There was a flurry of front-page articles on traffic in Metro Manila, spurred by studies from the Japanese International Cooperation Agency and the University of the Philippines National Center for Transportation Study. There were headlines on economic losses from traffic jams and a full-page article (at the back of this op-ed page) on the risks of floods. And then new headlines took over: the Supreme Court and the Reproductive Health Law, the alleged pork barrel scam. We will never run out of bad news, I’m afraid.
Traffic is off our radar now, except when we’re stuck on the road, and I worry that the next time traffic again makes it to the front page will be because of another gridlock induced by a typhoon or monsoon rains.
I’ve followed media coverage of traffic problems in the Philippines and in other countries. I’ve been especially intrigued by how the problems used to be traced to three Es (engineering, enforcement and education) and then to four Es with the addition of “evaluation.” Then it became five Es, the fifth one being “encouragement.” I thought I’d write about the five Es and add a sixth one, which I feel is the most formidable—yet most neglected—obstacle to solving our traffic problems.
Let’s start with engineering, which is probably the most obvious cause of traffic congestion. So much can be said here but the bottom line is that there is very little space left for new roads in Metro Manila. Other urban centers should learn from our mistakes. I see new subdivisions coming up in Mega Manila (Rizal, Laguna, Cavite), with developers still providing very narrow roads just so they can squeeze out more sales of residential lots.
One imperative for engineers, even with little space left for new roads, is to make sure major thoroughfares have emergency lanes and refuge areas. The emergency lanes are reserved for vehicles that stall because of a flat tire or engine trouble and need to be pulled over to the side. Even more importantly, these lanes are for vehicles involved in accidents. The emergency lane (or a hard shoulder in some countries) must be accessible to ambulances. There are such lanes on our expressways and a few thoroughfares, but we know how some vehicles hijack the lanes even without emergencies and how difficult it is for ambulances and tow trucks to get in, so we end up with a traffic gridlock.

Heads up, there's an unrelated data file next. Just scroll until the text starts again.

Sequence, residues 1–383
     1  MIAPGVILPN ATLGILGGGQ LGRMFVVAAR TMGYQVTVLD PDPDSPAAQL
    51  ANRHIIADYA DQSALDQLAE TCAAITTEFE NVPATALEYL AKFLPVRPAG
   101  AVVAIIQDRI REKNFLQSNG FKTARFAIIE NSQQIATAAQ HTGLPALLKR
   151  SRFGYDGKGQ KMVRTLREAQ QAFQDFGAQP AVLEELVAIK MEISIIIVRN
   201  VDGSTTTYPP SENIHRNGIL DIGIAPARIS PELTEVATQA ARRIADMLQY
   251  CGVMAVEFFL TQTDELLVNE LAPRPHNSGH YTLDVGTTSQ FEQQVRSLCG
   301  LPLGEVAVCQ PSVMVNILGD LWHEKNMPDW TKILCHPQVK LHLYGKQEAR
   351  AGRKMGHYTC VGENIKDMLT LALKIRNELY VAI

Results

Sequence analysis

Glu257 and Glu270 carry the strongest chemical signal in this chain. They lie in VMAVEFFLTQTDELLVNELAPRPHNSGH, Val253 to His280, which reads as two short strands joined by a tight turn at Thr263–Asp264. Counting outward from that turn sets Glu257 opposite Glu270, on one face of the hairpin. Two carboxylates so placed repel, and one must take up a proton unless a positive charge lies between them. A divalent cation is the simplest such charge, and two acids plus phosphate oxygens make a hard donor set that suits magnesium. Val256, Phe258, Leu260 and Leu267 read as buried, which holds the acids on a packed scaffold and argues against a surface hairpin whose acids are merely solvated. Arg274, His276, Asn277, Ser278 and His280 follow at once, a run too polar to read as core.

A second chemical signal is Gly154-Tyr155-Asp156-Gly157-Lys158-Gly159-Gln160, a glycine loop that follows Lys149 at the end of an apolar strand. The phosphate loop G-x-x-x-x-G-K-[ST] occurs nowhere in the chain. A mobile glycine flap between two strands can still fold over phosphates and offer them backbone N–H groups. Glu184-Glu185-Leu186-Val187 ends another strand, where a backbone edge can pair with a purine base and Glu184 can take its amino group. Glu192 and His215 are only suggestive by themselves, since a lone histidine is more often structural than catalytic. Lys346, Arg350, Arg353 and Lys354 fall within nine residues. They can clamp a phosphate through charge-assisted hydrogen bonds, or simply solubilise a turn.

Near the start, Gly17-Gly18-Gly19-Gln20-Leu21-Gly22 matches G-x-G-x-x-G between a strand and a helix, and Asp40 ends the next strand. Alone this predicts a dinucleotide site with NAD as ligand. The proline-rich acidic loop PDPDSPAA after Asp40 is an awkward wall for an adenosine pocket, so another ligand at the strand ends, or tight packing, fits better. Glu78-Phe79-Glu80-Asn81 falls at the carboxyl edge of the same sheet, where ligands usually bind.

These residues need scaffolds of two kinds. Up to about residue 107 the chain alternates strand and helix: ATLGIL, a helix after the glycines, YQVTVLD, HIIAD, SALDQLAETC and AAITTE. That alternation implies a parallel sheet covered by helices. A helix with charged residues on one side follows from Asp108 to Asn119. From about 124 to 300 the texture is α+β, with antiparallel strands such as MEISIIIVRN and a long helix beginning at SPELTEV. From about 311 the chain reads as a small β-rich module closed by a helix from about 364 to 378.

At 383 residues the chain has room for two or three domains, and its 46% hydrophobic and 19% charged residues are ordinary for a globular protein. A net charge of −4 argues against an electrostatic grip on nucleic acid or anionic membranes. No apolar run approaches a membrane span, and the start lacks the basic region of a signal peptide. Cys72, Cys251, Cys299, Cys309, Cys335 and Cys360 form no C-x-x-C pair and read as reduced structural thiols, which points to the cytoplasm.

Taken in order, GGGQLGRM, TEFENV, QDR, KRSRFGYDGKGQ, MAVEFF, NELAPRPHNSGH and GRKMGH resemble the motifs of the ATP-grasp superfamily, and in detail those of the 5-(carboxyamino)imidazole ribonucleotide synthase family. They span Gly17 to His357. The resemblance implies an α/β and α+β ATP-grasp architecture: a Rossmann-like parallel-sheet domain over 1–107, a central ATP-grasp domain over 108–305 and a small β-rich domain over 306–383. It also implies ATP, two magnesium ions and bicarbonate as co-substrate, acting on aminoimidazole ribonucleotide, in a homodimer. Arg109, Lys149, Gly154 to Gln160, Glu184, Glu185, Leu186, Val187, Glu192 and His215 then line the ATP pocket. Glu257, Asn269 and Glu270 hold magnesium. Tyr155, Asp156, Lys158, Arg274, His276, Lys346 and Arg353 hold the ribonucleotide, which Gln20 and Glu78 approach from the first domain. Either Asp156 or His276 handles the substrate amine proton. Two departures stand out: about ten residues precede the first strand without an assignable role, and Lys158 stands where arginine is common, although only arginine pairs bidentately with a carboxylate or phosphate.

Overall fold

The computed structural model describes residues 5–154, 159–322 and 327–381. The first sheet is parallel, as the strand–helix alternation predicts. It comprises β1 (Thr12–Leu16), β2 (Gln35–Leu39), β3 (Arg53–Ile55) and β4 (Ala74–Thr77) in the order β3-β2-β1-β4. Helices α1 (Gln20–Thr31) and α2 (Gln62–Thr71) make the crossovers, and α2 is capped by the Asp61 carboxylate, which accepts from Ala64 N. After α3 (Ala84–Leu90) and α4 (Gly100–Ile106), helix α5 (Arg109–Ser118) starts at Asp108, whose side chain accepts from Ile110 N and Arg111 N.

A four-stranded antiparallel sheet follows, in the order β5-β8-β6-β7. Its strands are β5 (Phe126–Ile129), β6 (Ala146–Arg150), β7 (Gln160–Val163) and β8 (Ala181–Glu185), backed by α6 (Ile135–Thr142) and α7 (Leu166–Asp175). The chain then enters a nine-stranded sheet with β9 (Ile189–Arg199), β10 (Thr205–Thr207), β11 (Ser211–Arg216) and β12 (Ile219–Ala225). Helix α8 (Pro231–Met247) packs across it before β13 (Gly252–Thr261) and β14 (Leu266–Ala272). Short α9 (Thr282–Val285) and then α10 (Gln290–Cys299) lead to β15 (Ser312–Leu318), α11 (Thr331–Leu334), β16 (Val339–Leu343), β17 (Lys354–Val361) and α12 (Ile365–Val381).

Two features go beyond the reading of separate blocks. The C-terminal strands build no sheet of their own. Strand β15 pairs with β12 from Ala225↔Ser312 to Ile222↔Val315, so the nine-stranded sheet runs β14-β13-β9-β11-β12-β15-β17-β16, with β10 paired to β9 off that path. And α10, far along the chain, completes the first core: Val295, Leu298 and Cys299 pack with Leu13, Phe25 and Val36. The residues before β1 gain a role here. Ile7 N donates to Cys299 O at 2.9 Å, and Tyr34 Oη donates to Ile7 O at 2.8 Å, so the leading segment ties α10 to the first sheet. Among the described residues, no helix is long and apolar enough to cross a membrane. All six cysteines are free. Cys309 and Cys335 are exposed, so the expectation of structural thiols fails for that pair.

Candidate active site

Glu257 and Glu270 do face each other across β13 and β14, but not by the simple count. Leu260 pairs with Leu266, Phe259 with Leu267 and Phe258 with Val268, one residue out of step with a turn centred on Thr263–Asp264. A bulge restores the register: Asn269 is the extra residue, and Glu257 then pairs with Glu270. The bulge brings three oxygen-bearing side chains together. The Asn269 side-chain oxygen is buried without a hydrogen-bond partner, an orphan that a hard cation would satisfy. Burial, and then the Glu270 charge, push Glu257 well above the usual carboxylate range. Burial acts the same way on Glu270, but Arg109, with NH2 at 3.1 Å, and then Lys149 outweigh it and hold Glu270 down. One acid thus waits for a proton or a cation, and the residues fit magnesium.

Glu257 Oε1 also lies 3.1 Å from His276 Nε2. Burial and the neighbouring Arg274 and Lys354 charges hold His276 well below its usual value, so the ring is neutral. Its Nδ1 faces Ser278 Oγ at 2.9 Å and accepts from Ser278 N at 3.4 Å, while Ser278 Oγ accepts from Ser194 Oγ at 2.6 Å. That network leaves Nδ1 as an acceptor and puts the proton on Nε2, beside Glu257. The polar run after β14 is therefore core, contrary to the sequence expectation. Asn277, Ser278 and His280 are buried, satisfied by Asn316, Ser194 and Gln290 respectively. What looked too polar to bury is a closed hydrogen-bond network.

Refuge areas are similar to emergency lanes, but the idea here is that in times of multivehicle accidents, or disasters such as floods, motorists need to be able to escape to safer areas. We don’t seem to have learned from Tropical Storm “Ondoy,” where motorists constituted a significant percentage of casualties.
Education, the second E, refers to increasing public awareness of traffic rules and regulations. Ideally, the education should come when people are learning to drive, and they should get tested before getting their license. The harsh reality is that hardly anyone goes to driving school, and those who do are often taught the dirty tricks of surviving on our roads (“lamangan” in Filipino) rather than following the rules. As for drivers’ licensing tests, how many people have ever really taken these?
Education will have to come through the mass media, and I have to say the newscasts, which love to cover the blood and gore of road accidents, don’t seem to scare reckless motorists and pedestrians. We will also need constant reminders, perhaps through billboards. Maybe we should ask our advertising agencies to exert some corporate social responsibility by designing catchy ones, in local languages. Otherwise, they’ll be drowned out by the sexier billboards. And please, let’s not add more signs from the Metro Manila Development Authority warning pedestrians they’ll die if they cross at particular areas. These just don’t work.